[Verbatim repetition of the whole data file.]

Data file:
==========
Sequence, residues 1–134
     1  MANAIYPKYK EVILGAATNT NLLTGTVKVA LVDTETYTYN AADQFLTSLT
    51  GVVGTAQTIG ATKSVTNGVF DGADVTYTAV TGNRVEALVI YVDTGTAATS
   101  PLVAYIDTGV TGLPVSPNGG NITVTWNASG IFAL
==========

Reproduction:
Sequence, residues 1–134
     1  MANAIYPKYK EVILGAATNT NLLTGTVKVA LVDTETYTYN AADQFLTSLT
    51  GVVGTAQTIG ATKSVTNGVF DGADVTYTAV TGNRVEALVI YVDTGTAATS
   101  PLVAYIDTGV TGLPVSPNGG NITVTWNASG IFAL